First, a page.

Originally Posted by chong
I was hoping that my Michelia Figo could be planted outside here in Zone 8-9, but they are struggling to survive. I had 4 plants 2 years ago, but one did not grow back in the Spring last year. Two of the surving plants bloomed last summer, but the third barely sprouted leaves. I'm afraid that third one my be gone, too. It's not showing any signs of sprouting.
Where are you located? I've sent some Michelia Champaka var. 'Alba' to several members here in FL and other places in the south, and they have not gotten any flowers from them. Mine blooms easily here in Seattle, and even survived in a cold greenhouse in the winter. Some were continuing to bloom throughout the winter, too!
Figo should be hardy to zone 8, no? Mine's is in a wide 3 gallon pot about 3 feet tall, maybe rootbound but I'm afraid to repot it. This is one of the plants I have that makes me nervous, because it seems so sensitive to watering, sunlight, fertilizer etc. What you don't see is that nearly all of the leaves and like 30 flower buds dropped off already, but its still producing more buds. I hope the new figo hybrids from Australia are easier to grow when they become more readily available.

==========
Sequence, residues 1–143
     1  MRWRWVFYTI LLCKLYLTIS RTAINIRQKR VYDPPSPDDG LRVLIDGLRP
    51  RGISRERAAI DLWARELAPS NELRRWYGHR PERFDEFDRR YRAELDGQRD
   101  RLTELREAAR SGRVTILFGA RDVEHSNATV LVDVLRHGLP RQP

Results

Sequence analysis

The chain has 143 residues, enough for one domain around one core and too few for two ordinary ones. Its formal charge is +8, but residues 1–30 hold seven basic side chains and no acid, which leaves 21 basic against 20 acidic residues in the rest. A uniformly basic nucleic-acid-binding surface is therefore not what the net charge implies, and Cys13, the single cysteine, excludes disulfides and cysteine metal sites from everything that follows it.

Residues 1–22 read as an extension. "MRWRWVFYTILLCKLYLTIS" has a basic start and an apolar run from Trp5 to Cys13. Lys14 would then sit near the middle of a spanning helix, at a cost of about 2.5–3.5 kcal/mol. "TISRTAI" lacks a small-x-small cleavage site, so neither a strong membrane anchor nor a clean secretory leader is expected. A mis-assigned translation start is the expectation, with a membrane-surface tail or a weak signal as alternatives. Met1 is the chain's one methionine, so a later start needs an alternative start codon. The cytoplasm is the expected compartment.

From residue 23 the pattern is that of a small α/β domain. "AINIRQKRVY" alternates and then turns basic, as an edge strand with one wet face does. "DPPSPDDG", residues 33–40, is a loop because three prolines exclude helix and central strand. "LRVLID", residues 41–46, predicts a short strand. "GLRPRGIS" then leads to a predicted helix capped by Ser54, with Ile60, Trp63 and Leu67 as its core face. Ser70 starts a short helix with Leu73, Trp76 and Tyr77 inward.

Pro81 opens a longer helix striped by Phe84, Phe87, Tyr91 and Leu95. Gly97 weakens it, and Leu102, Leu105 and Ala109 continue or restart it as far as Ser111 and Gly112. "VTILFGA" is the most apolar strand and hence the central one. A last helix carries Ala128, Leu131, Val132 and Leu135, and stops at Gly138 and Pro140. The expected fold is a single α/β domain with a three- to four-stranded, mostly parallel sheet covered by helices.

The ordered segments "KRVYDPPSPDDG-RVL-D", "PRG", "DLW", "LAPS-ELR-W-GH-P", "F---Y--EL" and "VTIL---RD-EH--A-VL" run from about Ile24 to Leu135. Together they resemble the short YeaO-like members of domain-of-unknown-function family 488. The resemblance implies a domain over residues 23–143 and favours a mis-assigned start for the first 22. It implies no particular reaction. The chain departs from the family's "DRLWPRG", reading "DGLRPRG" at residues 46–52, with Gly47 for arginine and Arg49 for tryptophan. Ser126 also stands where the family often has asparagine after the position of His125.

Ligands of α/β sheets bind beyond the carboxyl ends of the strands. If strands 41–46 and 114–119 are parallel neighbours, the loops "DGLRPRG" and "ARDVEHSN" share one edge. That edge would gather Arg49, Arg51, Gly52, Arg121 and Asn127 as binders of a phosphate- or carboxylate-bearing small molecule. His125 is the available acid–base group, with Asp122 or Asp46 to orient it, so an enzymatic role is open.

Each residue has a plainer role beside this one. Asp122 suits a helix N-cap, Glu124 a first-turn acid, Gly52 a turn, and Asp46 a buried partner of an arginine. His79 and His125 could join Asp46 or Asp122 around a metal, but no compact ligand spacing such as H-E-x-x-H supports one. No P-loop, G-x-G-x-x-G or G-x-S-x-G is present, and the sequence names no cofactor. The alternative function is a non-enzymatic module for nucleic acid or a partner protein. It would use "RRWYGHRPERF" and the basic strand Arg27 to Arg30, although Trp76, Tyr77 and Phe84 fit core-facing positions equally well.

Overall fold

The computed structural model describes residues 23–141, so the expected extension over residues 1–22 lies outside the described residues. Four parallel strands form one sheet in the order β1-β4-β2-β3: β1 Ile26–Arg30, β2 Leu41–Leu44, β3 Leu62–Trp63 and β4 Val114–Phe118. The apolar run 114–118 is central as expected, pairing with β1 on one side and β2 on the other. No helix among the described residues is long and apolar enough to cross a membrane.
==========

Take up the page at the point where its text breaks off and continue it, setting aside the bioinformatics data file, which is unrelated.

I'm in Ontario, Calif which is zone 9a I think... or at least zone 8b. I have the alba outside in a pot too in the shade. Another problem here is that the Santa Ana winds really keep the wind chill up especially at night and the humidity low. But I think one of the flowers will open up this weekend.
By Michelia champaca var 'Alba' do you mean a white version of M champaca? Because this would be different from the non-fuzzy M. x alba (a hybrid cross of M. champaca and M. montana) which is more commonly grown in the US. I think you mean the latter, but I do read of them blooming at different times of the year for different people. I am really amazed at how yours bloom in such a situation. You need to tell me how you do it.
They go semi-dormant outdoors here during winter and I guess most of us down south don't bother keeping them sheltered. But I've seen rooted cuttings or grafts bloom readily even at less then one foot.